3. It's got Satanic sacrifices in it, which is neither here nor there, but if it's good (I genuinely think like this) I can convince Adrian "Deep State" Mack to see it so we can bullshit about it afterwards.
4. And it's only $11.99.
1. Peter Fonda AND Loretta "Hotlips" Swit
2. I've never heard of the director
3. I don't remember Robin Wood OR Carol J. Clover mentioning it in their books, and it doesn't come up in The American Nightmare.
4. And fertile a decade as it was, some American 70's cinema is flat out drek.
Decisive, what-the-fuck factor? It's only $11.99.
Oh, my God.
I'm barely halfway through - I've paused mid-Satanic-ritual, so I cannot possibly spoil the ending for anyone, because I don't know where it goes - but I think this is THE anti-boomer (self?)-hate movie. What's amazing so far, tho', is that everything that interests me about the film, everything that is intellectually exciting about it, is playing out so subtextually, so quietly, so subtly that no one will actually believe me when I tell them what it's about, even after they see it. ("If one has character, one also has one’s typical experience which recurs again and again." - Nietzsche, Beyond Good and Evil, epigram 70). It is quite possible that if I tried to talk to the filmmakers themselves about it, they wouldn't believe me. Fanboy Quentin Tarantino might go there, or Eli Roth, but who's gonna put me in touch with THEM? (And Carol J. Clover hasn't answered two emails I've sent, so I'm taking the hint).
Robin Wood? Hello? Do you read blogs? I was in CineAction! Notice me!
To understand why this is THE anti-boomer (self?)-hate movie, you have to look at it from two different angles: first, you have to consider the urban-rural horror film, roughly along the lines spelled out in Men, Women, and Chainsaws. Following this template, a group of people with whom we identify - typically middleclass citydwellers from our own country - go into another place, either in their own country or elsewhere, where people lack their luxuries. They behave badly. They (usually) incur, and MERIT, the resentment of the locals. We, the audience members, identifying with these (generally) "ugly Americans" see our own faults and recognize guiltily that affluence and comfort are not fairly distributed socially - the locals are our "victims" and have the right to hate us. But then - this is all paraphrasing Carol Clover, btw - the resentment of our victims explodes into violence, and the people with whom we are identifying with must overcome their guilt and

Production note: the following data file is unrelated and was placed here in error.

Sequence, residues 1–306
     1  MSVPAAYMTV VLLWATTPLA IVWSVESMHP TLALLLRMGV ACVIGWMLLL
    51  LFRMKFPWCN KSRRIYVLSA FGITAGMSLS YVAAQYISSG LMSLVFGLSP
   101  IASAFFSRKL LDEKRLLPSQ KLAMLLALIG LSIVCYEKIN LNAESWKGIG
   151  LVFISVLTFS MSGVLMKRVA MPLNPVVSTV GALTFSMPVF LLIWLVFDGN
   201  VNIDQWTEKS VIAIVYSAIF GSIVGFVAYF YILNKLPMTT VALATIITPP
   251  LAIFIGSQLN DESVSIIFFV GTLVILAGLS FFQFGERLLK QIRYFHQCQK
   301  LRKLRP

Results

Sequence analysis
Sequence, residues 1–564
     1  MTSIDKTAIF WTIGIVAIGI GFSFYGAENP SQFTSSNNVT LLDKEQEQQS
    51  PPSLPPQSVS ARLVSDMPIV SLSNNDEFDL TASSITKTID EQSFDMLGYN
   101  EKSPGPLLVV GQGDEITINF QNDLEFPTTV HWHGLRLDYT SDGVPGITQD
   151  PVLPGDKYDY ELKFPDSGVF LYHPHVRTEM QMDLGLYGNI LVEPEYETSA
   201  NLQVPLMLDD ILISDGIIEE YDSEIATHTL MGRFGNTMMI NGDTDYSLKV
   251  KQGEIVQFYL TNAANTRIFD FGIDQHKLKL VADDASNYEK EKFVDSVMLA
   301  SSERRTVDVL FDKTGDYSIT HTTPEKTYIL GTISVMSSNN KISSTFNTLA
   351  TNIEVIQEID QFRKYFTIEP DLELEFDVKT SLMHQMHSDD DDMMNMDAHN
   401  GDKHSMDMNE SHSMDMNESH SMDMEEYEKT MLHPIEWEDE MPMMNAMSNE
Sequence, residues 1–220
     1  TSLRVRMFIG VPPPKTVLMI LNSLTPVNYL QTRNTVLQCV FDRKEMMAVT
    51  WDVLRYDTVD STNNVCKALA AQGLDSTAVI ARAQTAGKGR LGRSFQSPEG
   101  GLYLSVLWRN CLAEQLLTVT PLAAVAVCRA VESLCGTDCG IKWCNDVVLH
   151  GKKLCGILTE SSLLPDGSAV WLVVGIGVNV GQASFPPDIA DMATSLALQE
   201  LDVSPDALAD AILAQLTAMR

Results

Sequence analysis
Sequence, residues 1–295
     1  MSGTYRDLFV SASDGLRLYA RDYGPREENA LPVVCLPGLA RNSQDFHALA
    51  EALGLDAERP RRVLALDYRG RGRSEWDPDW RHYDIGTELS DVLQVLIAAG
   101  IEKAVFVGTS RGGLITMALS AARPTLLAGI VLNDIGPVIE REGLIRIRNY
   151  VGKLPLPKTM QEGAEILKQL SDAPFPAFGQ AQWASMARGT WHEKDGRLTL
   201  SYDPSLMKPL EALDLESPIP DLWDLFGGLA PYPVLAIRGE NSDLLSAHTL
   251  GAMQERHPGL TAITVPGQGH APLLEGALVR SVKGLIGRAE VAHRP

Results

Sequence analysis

(Sorry, couldn't resist. I'm nearly delirious with illness and sleep-loss, you realize).
I mean, think of it: how many movies does this sorta thing happen in? There are different variations, different nuances, but, I mean: Deliverance, The Texas Chainsaw Massacre, Rituals, Turistas, Hostel, I Spit On Your Grave, Pumpkinhead, The Hills Have Eyes... All of them explicitly show the people "we" are among behaving distastefully. Think of Burt Reynolds and Jon Voight talking about how their fellow city folk are "raping" the land, or anything that Ned Beatty says or does, in Deliverance; or the spoiled, selfish behaviour of the fratboy kids in Hostel or Pumpkinhead or so forth. We seem to be the enemy, initially - or at least he's among our ranks - but all of them end with Our Representatives On-Screen being forced to kill the underprivileged so that they can return to their lives. It's like a working through of the very guilt that draws us into the narrative: "Yeah, okay, so I've got more than they do, and they've got it rough, and I don't feel good about that, but all the same, if it comes down to them or me, fuck'em!" (Clover goes so far as to suggest the poor must be killed in such movies BECAUSE they make us feel guilty!).
Race with the Devil invokes this formula (and like I said, don't worry, what follows is spoiler-free; you will learn little more about the plot of the film than is already revealed on the DVD case by reading what follows). Oates, Fonda, and their wives are wealthy, successful, newly-established yuppie entrepreneurs, sort of a 1975 version of Kevin Kline in The Big Chill, and they're on vacation in their expensive new motorhome, with their motorcycles along with them. They drive off the road, see a Satanic ritual (and are aware that they might be trespassing - the land might actually belong to the Satanists) and, after being initially titillated by the orgiastic nature of the event, see something they shouldn't. Then the two couples have to flee for their lives, fighting off the Satanists, in hot pursuit.